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Craving Iranian Caviar? Better Find Something to Tide You Over

Even if sanctions end, Iran's coveted caviar won't land in the U.S. soon because of conservation- and import-related regulatory hurdles.
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Today is National Caviar Day, but you might want to hold off on popping the champagne if you’d like your sturgeon eggs to come from Iran.

Although an international agreement has been reached on the country’s nuclear program that would allow sanctions to be lifted, foodies will have to wait for their first taste of the delicacy thanks to a host of conservation- and import-related regulatory hurdles.

“We did carry Iranian caviar for a very long time here,” Nick Branchina, director of marketing at seafood company Browne Trading Co., fondly reminisced when asked about the holdup. “It was one of the best caviars globally, back in the day.”

Today, sturgeons are so close to extinction that pretty much the only way to get caviar legally from prized species like the Beluga and Osetra is from farmed fish. Purveyors of caviar in the United States import farmed caviar from countries as diverse as Uruguay, Israel and Germany.

“There are 27 species of sturgeon and their close relative, the paddlefish, and… all these species are in trouble,” said Ellen Pikitch, a Pew Fellow in marine conservation and a professor at Stony Brook University. “They’re extremely susceptible to overfishing.” (American paddlefish caviar is still legal and available, although conservationists have raised alarms about the sustainability of the practice.)

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Sturgeon are easy to catch when they up rivers from saltwater to spawn. They also take a long time to mature — up to 25 years for some species — so rebuilding a population on the verge of extinction is a long-term commitment.

Iran also farms sturgeon, and a small amount of caviar makes its way into the export market. But strict U.S. sanctions on Iranian imports implemented in 2010 eliminated a previous exemption for the product.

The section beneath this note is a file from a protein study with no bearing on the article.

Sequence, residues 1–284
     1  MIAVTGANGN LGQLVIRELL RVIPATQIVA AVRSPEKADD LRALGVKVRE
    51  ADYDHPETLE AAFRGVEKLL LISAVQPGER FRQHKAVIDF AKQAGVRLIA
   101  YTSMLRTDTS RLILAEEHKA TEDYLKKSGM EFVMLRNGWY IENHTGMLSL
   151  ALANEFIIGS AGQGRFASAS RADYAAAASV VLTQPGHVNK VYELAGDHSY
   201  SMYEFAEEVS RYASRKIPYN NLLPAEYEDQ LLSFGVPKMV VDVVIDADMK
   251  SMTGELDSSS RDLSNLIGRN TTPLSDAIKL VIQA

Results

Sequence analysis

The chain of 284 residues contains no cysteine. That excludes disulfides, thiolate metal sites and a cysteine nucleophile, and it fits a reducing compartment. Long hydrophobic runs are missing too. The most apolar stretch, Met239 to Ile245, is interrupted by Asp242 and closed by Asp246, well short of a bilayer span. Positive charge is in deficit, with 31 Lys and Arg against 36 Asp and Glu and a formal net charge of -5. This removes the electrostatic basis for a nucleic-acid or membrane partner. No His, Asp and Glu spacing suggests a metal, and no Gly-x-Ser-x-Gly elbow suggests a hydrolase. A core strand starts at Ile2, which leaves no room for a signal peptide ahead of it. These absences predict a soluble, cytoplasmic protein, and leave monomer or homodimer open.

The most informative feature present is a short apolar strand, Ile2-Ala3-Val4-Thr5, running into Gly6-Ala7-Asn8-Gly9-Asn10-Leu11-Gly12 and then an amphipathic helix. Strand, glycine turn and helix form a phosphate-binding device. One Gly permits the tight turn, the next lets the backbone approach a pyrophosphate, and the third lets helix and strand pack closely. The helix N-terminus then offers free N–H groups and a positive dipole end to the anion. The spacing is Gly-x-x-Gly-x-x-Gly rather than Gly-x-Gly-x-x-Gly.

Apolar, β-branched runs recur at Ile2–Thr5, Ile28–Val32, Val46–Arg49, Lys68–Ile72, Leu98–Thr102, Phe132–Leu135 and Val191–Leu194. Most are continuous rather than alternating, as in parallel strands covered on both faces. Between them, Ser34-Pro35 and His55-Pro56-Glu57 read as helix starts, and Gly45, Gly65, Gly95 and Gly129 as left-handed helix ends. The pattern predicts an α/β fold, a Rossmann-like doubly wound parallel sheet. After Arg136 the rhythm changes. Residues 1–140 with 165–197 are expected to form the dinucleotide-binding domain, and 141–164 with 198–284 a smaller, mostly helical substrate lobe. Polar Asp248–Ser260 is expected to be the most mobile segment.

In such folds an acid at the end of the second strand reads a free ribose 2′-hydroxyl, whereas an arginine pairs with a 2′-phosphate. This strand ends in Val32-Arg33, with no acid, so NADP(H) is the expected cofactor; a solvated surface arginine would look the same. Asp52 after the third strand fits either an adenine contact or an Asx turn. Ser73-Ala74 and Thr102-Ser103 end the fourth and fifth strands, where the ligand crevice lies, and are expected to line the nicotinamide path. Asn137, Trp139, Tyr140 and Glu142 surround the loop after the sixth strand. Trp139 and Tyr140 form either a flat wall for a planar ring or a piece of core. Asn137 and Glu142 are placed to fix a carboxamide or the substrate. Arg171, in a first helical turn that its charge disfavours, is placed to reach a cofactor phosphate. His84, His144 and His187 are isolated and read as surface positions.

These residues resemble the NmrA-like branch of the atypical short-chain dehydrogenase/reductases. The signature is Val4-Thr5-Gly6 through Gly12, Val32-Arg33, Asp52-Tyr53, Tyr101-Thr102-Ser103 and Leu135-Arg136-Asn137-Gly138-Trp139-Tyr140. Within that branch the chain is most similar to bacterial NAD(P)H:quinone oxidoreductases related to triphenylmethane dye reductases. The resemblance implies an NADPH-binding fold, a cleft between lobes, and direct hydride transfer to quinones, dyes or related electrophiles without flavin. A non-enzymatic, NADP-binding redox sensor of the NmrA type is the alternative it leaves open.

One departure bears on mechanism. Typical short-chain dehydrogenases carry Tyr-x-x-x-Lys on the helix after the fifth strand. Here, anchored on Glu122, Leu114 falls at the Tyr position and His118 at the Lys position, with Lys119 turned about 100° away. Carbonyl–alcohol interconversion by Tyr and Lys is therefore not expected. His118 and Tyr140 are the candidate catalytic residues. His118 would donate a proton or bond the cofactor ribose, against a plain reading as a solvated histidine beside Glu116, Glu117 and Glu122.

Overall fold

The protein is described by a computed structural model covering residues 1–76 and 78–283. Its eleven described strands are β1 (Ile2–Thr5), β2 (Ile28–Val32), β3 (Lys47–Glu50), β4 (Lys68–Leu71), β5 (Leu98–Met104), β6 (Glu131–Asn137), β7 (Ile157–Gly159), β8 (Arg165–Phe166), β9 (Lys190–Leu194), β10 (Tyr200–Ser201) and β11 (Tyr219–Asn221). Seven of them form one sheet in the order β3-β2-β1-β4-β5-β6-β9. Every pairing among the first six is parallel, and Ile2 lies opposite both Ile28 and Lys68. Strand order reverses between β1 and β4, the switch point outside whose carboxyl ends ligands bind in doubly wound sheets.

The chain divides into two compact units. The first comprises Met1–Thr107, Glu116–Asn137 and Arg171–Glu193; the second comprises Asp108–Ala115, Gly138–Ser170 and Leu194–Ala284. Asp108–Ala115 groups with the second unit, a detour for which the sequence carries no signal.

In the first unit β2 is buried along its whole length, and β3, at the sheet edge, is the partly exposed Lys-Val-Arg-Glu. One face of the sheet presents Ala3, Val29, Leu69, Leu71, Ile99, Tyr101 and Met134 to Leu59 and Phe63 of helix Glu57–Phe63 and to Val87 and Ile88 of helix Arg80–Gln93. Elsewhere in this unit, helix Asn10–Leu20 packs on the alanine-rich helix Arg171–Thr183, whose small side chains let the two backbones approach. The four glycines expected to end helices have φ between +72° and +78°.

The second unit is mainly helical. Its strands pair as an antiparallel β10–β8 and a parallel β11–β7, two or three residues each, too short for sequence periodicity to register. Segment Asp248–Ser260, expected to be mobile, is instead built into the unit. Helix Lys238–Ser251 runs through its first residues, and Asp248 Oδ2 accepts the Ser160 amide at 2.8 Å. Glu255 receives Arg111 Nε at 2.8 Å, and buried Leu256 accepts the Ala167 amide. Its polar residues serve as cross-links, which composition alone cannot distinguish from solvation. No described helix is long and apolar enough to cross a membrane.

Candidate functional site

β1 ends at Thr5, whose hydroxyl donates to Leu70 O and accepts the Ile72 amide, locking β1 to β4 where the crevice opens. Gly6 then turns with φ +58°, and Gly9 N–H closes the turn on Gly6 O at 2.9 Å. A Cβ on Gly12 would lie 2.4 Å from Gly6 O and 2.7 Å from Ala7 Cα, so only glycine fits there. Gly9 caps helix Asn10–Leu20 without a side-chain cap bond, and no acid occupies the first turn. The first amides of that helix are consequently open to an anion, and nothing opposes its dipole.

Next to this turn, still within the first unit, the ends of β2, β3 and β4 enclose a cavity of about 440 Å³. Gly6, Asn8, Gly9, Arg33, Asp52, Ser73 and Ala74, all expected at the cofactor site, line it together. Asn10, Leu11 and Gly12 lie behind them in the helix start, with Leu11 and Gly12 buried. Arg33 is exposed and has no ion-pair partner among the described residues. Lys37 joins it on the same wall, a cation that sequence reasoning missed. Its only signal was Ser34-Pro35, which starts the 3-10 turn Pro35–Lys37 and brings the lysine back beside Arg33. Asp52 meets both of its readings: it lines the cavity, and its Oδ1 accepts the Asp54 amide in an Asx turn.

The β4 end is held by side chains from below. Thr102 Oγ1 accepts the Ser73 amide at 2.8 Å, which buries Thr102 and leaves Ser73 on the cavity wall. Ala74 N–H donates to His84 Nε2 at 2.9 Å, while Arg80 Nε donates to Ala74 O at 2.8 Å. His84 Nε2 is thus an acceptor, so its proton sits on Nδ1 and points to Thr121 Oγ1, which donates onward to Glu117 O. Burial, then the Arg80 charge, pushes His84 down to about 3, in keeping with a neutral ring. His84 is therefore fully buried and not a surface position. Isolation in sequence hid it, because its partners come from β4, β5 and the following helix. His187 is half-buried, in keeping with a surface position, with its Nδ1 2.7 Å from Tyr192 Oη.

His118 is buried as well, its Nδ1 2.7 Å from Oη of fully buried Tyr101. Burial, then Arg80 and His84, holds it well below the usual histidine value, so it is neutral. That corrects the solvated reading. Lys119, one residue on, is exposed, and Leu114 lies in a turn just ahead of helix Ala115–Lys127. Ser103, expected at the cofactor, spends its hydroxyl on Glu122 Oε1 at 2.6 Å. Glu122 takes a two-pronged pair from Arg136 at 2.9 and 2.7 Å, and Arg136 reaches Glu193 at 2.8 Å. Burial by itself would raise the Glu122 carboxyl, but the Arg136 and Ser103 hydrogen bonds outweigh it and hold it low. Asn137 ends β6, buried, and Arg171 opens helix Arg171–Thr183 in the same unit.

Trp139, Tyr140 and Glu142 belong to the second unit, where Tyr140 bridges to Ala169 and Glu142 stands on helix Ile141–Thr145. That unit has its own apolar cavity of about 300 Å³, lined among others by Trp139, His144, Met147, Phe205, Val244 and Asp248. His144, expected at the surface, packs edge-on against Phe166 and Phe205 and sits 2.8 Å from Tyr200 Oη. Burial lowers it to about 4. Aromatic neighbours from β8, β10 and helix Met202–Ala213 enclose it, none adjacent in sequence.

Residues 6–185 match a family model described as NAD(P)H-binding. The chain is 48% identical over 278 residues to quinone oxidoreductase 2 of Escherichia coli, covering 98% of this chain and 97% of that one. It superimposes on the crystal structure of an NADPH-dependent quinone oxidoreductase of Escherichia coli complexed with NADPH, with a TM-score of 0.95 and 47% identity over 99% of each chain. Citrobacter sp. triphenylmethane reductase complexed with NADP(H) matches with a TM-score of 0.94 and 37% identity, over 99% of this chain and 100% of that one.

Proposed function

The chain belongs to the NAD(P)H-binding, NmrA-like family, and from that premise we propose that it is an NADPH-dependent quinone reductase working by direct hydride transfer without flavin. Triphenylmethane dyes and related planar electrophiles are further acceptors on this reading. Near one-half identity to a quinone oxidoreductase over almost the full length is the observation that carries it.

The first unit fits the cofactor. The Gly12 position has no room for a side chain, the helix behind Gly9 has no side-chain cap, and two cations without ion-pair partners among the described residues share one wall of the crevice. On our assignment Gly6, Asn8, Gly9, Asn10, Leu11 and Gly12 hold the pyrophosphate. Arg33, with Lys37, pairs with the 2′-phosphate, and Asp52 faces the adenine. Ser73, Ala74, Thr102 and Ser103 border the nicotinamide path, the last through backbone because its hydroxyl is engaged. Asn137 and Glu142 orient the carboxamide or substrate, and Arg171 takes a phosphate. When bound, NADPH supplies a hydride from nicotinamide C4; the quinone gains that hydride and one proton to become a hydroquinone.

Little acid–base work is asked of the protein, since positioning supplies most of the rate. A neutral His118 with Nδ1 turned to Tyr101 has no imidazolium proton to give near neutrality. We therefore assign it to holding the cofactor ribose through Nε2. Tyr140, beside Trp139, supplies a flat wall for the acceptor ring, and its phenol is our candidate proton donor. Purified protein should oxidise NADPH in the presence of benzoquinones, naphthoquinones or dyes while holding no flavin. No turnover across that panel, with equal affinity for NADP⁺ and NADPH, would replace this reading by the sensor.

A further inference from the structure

Graham C. Gaspard, president of Black River Caviar, said Iranian caviar has an unusual flavor that is prized by caviar aficionados

“Being that they have aquaculture facilities that are based right on the Caspian (Sea), these sturgeon live in brackish water. The flesh takes on that flavor, and of course, the caviar does as well,” said Gaspard, whose company imports caviar from sturgeon farmed in Uruguay’s Rio Negro. Producers can raise sturgeon in fresh water and add salt to it, but the result isn’t the same, he said.

“It’s going to be a long process. Despite what the trade agreement does… it’s not going to happen that fast.”

Gaspard said he would like to see Iranian caviar back on the market even though it would technically be a competitor.

“Actually having more variety, having Iranian caviar in the market, personally I welcome it,” he said. “By having Iranian caviar in the U.S. market it’s going to attract attention, it’s going to help us market caviar.”

But that day won’t come anytime soon, he conceded. “It’s going to be a long process,” he said. “Despite what the trade agreement does… it’s not going to happen that fast.”

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Iranian exporters as well as American importers would have to get the green light from regulators before they could get the product into customers’ hands, and it’s not clear how long something like that would take, Gaspard said.

For starters, Iran's export of farmed caviar would have to pass muster under the Convention on International Trade in Endangered Species of Wild Fauna and Flora, a legally binding agreement between 181 international governments. Domestically, agencies as diverse as the U.S. Fish and Wildlife Service, the National Oceanic and Atmospheric Administration, the National Marine Fisheries Service, U.S. Customs and Border Protection and the Food and Drug Administration all have a hand in getting the caviar in front of the eager gourmand.

Still, having sanctions lifted would be an important first move towards that end. “It’s a step in the right direction,” he said.

As for National Caviar Day, celebrated each year on July 18, while there is abundant documentation of its existence on the Internet, its origins are murky. “We find no congressional records or presidential proclamation,” establishing such a day, notes the website.

Branchina said he looked into National Caviar Day years ago, and ran into the same dead end. "Further searching was fruitless. My ultimate conclusion is that ‘National Caviar Day’ is really nothing more than a well-intended, yet contrived, reason to ‘celebrate’ its existence," he wrote in a blog post in 2013.